One of the most important investment decisions you can make is to choose the mix of stocks and bonds that’s right for you. But diversification goes further than just this mix. Take bonds, for instance: You can think of bond diversification in three main categories: bond type, bond maturity and bond sector.
- Bond type
There are three primary categories of individual bonds: municipal, corporate and government. Each bond type has unique characteristics. Your overall risk tolerance, financial goals and tax considerations should determine the types of bonds you should consider adding to your portfolio.
- Bond maturity
No one can accurately predict interest rate movements. Instead of basing investment decisions on predictions, we recommend a strategy called “laddering” – staggering the maturity dates (short-, intermediate- and long-term) of your fixed-income investments. A laddered bond portfolio can also help you take advantage of potential higher interest rates by allowing you to reinvest matured bonds at the new higher interest rate. Keep in mind that you must evaluate whether a bond ladder and the securities held within it are consistent with your investment objectives, risk tolerance and financial circumstances.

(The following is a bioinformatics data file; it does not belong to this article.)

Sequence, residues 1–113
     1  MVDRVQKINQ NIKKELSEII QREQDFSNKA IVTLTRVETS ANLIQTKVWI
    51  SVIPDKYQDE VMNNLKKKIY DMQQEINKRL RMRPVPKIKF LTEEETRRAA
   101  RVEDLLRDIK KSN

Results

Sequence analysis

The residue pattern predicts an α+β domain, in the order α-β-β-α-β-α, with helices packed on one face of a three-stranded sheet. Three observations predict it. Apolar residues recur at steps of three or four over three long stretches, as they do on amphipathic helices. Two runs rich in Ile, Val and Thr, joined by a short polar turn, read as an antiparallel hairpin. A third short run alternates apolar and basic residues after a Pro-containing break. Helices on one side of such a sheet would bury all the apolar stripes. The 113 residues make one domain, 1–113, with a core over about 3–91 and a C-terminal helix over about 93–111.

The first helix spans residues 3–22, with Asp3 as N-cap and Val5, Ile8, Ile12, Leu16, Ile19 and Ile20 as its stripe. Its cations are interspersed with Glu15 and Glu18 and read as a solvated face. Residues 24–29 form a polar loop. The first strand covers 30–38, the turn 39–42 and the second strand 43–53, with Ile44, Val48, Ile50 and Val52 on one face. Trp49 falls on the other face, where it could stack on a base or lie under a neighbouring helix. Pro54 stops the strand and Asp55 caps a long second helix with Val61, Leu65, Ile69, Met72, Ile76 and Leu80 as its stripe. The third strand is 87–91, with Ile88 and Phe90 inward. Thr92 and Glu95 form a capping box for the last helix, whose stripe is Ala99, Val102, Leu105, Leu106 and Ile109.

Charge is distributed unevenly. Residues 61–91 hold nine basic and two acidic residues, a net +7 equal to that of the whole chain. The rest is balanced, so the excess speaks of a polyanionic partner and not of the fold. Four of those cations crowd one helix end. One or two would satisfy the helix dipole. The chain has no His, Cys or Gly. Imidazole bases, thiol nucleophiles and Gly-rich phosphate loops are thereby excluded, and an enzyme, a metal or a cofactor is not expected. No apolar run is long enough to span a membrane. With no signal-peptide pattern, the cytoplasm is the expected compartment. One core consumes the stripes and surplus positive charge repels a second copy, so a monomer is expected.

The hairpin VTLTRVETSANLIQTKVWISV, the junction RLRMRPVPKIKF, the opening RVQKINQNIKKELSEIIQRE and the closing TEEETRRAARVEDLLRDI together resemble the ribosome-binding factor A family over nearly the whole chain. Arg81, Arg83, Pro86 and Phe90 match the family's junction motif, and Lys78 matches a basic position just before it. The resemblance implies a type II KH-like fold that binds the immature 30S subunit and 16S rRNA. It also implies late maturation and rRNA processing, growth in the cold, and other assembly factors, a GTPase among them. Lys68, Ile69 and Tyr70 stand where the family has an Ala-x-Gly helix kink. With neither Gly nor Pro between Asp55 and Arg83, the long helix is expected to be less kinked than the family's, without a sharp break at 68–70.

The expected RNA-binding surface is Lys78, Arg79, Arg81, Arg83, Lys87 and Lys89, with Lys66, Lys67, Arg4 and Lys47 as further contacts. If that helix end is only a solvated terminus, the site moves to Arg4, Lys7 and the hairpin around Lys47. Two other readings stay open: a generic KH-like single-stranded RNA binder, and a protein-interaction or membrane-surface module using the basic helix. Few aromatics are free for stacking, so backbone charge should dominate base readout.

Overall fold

- Bond sector
We’ve all heard the saying, “Don’t put all your eggs in one basket.” A similar concept holds for bonds as well. By investing in different sectors, your portfolio is exposed to different parts of the economy, helping spread the risk.
Bond Ladder Recommendations
Short-term (up to 5 years )
Intermediate-term (6 to 15 years)
Long-term (16+ years)
30% - 40%
40% - 50%
15% - 25%
What about bond funds?
If you find it difficult to diversify properly with individual bonds or prefer the professional management of a mutual fund, bond funds* may be right for you. Bond funds are generally diversified by maturity and sector, and can be an attractive alternative for many investors.
We can help
If you’re looking to improve your bond mix, contact your Edward Jones financial advisor. Together, you can determine which types and amounts of bonds are appropriate for you.
Diversification does not ensure a profit or protect against loss in declining markets.
*Mutual fund investing involves risk. Your principal and investment return in a mutual fund will fluctuate in value. Your investment, when redeemed, may be worth more or less than the original investment.